Botero's homage to his homeland: Vía Crucis
From 2010 to 2011, Botero created a series inspired by Christ’s Stations of the Cross. The result transcends the religious roots of the theme, incorporates memories from the artist’s childhood and speaks of pain and empathy. Based on this series, and with the artist’s collaboration, ARTIKA presents an edition that connects the history of art with the memories of the Colombian painter and sculptor.
A creator with ties to his homeland
“Vía Crucis”, the Stations of the Cross, refers to the steps that Jesus took from the time of his arrest until his crucifixion, as described in the Gospels. It is a story that has inspired countless masterpieces over the centuries.
Botero succeeded in applying his inimitable style to the biblical story, preserving the essence or the facts while offering an original point of view that was, most of all, a tribute to his homeland. All these elements make Vía Crucis one of the most significant pieces of his career.
Fernando Botero along with his wife, Sophia Vari, at the launch of the exhibition Vía Crucis in 2012 in Medellín, Colombia
Colombia has always played a major role in Botero’s work, and during his childhood he was marked by the paintings and sculptures that he saw in churches. This commitment is also evident in Vía Crucis: Botero donated the originals of the series to the Antioquia Museum in Medellín.
Simon Helps Jesus | 2011 | Watercolor and pencil on paper | 11.8 × 15.7 in | Inv. 4176
A unique style for a universal theme
Botero’s signature language encompasses elements like humour and tenderness, but this series always demonstrates how his expressive talent is also effective in capturing violence and bitterness.
Botero also incorporates modern settings and characters into the episodes of Vía Crucis. For example, he places Christ in landscapes of his native Antioquia, sometimes surrounded by Colombian soldiers.
Jesus is Taken Prisoner | 2011 | Watercolor, pencil and colored pencil on paper | 15.7 × 11.8 in | Inv. 4156
El azote [The Lash], 2011. Oil on canvas, 123 × 94 cm. Museo de Antioquia, Medellín, Colombia
Drawing on anachronism is an age-old technique: many classical representations of the Passion of Christ incorporate elements from the artist’s own time, adapting the message of the Gospel to the community for which the works were made.
In this sense, Botero’s style is open to several readings by establishing parallels with the Colombia of his childhood and, by extension, with our world today – his work transcends all physical, cultural and stylistic frontiers.
Botero’s Vía Crucis contains sacrifice and pain, blood and tears, cruel blows and kisses that belie a deep betrayal. All these elements are rooted in religious tradition, but Botero knows how to adapt them to his humanist vision.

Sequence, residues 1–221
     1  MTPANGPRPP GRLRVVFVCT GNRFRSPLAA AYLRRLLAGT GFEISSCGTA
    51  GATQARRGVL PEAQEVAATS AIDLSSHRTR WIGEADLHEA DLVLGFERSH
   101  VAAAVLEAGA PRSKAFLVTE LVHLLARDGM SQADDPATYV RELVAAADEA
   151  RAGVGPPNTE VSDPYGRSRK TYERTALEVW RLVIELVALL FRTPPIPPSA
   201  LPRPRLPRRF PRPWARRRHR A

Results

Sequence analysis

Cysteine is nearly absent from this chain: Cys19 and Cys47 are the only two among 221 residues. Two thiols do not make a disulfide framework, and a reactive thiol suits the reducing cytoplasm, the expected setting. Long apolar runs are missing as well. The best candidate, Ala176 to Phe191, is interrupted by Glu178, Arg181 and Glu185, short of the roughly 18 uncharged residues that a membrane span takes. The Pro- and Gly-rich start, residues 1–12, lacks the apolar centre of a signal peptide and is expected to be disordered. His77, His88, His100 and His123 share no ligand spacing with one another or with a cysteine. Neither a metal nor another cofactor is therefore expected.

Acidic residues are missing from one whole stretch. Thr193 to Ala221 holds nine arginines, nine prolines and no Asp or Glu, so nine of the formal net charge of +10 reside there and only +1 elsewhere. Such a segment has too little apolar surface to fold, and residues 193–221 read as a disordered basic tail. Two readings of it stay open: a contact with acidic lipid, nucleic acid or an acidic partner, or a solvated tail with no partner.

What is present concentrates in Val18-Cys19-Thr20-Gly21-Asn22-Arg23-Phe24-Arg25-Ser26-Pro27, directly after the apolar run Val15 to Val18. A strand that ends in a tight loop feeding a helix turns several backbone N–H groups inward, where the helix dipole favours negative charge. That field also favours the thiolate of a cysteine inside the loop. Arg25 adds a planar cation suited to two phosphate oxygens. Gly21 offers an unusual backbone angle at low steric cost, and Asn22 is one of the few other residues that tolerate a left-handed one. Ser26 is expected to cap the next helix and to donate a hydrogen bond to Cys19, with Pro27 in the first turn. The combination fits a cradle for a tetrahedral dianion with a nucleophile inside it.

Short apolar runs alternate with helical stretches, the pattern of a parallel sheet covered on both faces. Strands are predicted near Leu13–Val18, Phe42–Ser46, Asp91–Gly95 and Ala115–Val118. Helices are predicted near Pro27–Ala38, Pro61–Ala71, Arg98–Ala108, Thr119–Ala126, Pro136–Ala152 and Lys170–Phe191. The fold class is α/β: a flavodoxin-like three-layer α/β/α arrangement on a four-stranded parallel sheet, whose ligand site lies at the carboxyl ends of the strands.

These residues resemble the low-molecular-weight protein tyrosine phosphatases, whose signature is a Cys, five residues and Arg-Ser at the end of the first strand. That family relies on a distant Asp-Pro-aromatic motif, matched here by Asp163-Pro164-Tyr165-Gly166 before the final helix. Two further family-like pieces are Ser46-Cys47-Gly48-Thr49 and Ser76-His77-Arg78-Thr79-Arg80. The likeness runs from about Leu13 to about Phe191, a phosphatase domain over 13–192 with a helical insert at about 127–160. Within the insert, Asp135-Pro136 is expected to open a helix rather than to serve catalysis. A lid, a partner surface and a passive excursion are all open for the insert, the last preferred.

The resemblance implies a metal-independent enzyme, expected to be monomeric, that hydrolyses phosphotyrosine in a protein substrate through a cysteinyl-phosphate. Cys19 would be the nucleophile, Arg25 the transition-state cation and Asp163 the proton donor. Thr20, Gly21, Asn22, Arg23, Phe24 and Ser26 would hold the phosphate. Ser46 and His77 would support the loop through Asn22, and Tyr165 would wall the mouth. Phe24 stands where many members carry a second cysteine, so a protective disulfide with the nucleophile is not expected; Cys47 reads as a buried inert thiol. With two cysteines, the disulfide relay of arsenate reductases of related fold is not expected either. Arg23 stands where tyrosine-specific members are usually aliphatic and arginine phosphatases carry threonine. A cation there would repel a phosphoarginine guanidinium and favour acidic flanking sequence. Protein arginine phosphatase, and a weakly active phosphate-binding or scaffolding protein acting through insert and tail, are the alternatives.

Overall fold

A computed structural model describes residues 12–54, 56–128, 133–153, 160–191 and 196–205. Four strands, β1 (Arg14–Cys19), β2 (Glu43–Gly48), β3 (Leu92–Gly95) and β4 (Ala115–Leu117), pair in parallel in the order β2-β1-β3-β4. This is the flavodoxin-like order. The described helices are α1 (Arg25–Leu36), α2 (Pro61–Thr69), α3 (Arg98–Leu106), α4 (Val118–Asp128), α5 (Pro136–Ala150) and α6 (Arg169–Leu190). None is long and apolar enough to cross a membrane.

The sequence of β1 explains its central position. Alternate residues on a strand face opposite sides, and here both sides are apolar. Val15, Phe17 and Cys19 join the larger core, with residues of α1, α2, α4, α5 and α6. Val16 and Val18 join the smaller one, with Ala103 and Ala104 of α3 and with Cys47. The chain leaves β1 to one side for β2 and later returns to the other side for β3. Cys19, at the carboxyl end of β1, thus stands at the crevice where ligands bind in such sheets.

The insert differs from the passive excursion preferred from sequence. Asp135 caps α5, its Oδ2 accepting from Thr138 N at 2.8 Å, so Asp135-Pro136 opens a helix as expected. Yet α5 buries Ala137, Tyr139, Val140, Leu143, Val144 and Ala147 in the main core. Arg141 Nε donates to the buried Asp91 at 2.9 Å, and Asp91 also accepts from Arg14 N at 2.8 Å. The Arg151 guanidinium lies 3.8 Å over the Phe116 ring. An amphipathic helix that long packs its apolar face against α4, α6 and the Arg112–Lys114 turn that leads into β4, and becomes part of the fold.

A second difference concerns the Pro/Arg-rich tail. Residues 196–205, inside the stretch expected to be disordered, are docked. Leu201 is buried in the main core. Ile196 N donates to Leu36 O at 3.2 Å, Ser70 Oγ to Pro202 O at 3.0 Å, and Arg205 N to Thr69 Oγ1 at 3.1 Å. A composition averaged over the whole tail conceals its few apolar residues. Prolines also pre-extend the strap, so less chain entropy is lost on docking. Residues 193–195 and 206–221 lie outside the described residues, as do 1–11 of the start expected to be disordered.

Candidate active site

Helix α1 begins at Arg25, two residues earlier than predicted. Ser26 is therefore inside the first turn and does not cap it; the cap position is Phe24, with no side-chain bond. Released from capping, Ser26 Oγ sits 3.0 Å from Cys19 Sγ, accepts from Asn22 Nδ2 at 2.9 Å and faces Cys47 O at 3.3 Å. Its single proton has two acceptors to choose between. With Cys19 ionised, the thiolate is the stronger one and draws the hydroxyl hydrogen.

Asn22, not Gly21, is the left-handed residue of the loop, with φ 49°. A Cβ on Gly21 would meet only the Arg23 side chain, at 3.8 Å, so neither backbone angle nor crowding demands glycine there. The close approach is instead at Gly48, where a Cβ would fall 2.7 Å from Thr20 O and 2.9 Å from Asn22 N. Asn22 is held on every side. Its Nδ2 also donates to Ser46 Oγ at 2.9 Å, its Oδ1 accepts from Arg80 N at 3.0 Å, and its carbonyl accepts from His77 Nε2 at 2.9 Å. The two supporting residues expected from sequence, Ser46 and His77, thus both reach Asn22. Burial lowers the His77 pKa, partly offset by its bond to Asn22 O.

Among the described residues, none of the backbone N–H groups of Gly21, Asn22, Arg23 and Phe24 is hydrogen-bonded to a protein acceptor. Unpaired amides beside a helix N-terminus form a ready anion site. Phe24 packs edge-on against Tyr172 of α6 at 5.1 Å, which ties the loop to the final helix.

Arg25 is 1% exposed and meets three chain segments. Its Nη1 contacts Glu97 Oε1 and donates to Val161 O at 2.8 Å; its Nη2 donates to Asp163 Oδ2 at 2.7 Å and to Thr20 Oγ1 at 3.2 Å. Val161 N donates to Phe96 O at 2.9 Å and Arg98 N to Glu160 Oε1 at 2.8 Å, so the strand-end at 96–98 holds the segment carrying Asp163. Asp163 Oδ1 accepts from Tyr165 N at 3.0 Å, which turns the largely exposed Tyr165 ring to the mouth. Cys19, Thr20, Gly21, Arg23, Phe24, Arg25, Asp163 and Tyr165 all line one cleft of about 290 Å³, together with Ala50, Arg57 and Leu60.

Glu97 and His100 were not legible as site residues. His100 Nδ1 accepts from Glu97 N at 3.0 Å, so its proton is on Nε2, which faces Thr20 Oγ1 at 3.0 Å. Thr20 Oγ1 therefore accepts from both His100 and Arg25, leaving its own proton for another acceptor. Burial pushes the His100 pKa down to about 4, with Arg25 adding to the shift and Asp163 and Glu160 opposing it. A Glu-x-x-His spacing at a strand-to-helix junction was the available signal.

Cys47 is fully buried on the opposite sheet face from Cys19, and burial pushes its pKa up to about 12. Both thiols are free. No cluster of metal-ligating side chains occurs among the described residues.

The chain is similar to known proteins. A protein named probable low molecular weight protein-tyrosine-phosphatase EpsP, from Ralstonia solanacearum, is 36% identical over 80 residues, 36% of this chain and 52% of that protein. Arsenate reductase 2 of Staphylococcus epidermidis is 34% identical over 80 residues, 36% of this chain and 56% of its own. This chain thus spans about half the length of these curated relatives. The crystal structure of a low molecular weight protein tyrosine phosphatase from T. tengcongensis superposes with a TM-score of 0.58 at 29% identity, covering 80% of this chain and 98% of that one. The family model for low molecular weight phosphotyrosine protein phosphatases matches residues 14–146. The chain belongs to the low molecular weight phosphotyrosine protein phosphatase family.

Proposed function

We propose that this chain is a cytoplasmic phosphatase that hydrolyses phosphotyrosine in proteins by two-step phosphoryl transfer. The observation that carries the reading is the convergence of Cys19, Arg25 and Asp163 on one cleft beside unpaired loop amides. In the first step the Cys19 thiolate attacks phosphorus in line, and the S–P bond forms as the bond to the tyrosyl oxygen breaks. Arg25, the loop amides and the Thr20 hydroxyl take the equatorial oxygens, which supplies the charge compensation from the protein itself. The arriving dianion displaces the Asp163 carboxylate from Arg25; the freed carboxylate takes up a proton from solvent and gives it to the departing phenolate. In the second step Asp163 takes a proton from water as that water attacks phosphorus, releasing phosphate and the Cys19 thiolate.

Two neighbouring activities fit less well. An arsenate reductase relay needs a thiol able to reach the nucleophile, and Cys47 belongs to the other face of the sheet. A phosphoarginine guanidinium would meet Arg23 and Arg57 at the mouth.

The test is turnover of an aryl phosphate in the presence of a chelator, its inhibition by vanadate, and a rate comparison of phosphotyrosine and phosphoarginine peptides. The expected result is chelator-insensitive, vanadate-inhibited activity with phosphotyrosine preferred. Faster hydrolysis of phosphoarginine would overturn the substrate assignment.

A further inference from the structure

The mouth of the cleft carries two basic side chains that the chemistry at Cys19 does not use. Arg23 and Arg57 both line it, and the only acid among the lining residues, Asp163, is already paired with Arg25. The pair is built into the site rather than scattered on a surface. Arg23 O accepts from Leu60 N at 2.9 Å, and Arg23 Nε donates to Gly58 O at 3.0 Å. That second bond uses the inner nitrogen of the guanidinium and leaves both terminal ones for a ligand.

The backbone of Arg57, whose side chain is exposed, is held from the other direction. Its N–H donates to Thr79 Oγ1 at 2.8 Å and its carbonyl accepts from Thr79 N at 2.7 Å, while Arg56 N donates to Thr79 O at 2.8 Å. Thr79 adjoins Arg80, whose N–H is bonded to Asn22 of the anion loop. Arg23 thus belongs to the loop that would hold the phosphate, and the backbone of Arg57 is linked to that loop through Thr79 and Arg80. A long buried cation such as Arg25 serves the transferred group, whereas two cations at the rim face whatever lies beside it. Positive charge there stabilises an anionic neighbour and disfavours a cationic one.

Each scene depicts the characteristic roundness of his characters, and the composition always includes a drama played out by flesh-and-blood subjects, men and women who suffer, hate or impassively watch the pain of another human being.
Jesus and Veronica | 2010 | Watercolor, pencil and colored pencil on paper | 15.7 × 11.8 in | Inv. 4173
Jesús y la multitud [Jesus and the Crowd] 2010. Oil on canvas, 106 × 81 cm. Museo de Antioquia, Medellín, Colombia
The intensity of each of these works is not only a consequence of the nature of the chosen theme (the Passion of Christ) but is the result of Botero’s ability to arouse emotion through forms, brushstrokes and colours.
Influences and homage
Renaissance art became part of Botero’s creative personality the moment that he first admired the work of Piero della Francesca in person during his formative years.
Diptych of the Dukes of Urbino, 1465 - 1472. (Battista Sforza). Tempera painting on board, 47 cm × 33 cm. Galería Uffizi, Florencia, Italia
After Piero della Francesca (diptych), 1998. Oil on canvas, 204 x 177 cm (each one). Private collection
The Passion of Christ was a central theme in the art of the 13th, 14th and 15th centuries, but it practically vanished from the discourse in the 19th century and onwards. Botero decided to revisit this theme from a perspective that shows how human emotions transcend ages and beliefs.
Likewise, Botero offers a journey through the history of art in a series that elevates the artist to the level of the classic masters like Michelangelo, El Greco, Rubens, Fra Angelico, Rembrandt and Velázquez.
The art book that illustrates why Botero is unique
ARTIKA presents an exclusive edition of Vía Crucis, a cornerstone of Fernando Botero’s legacy.
This Art Book includes the complete series of drawings and paintings through which Botero depicts his personal interpretation of the Passion of Christ.
The prints included in the Art Book faithfully reproduce the original drawings, crafted in pencil and watercolour on paper.
All the elements of Vía Crucis are thoroughly examined in the articles in the Study Book, written by the most widely recognised voices in the study of Botero’s work.
- Numbered edition limited to 2,998 copies.
- Fernando Botero participated in every phase of the project.
- It includes two volumes, presented in a modern and exclusive display case.
- The artist hand-signed 200 copies of the edition.